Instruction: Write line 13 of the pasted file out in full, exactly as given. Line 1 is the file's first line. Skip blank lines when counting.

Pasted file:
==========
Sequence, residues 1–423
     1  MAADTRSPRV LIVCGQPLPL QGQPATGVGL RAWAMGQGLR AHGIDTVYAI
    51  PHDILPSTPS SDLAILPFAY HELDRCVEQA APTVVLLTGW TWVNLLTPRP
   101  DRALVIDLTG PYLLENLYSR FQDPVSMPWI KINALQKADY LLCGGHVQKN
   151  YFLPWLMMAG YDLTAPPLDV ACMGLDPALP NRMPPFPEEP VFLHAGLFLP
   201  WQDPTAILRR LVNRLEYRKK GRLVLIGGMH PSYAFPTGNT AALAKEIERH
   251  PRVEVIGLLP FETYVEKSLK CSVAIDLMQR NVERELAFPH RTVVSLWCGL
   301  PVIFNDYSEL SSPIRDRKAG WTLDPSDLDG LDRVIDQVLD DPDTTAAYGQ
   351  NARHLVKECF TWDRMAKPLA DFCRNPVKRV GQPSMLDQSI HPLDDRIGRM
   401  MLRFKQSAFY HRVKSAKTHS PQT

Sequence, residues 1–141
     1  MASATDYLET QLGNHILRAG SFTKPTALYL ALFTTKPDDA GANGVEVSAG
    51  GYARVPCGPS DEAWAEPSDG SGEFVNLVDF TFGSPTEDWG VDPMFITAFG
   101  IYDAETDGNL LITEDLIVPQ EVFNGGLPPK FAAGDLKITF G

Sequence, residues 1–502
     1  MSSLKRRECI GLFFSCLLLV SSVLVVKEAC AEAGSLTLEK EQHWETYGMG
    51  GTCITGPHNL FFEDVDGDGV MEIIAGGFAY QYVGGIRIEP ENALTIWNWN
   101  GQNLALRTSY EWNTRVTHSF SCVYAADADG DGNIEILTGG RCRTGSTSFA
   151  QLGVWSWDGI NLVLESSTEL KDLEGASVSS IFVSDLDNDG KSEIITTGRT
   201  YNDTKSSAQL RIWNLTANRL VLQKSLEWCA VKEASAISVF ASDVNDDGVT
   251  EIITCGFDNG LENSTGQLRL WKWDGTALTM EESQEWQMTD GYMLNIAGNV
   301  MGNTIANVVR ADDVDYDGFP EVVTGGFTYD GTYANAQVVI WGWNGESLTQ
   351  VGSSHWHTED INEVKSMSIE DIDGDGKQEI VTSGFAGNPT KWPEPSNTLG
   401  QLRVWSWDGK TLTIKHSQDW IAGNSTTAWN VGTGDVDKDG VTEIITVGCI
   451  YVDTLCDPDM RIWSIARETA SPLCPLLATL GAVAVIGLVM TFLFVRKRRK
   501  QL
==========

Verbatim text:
    51  GYARVPCGPS DEAWAEPSDG SGEFVNLVDF TFGSPTEDWG VDPMFITAFG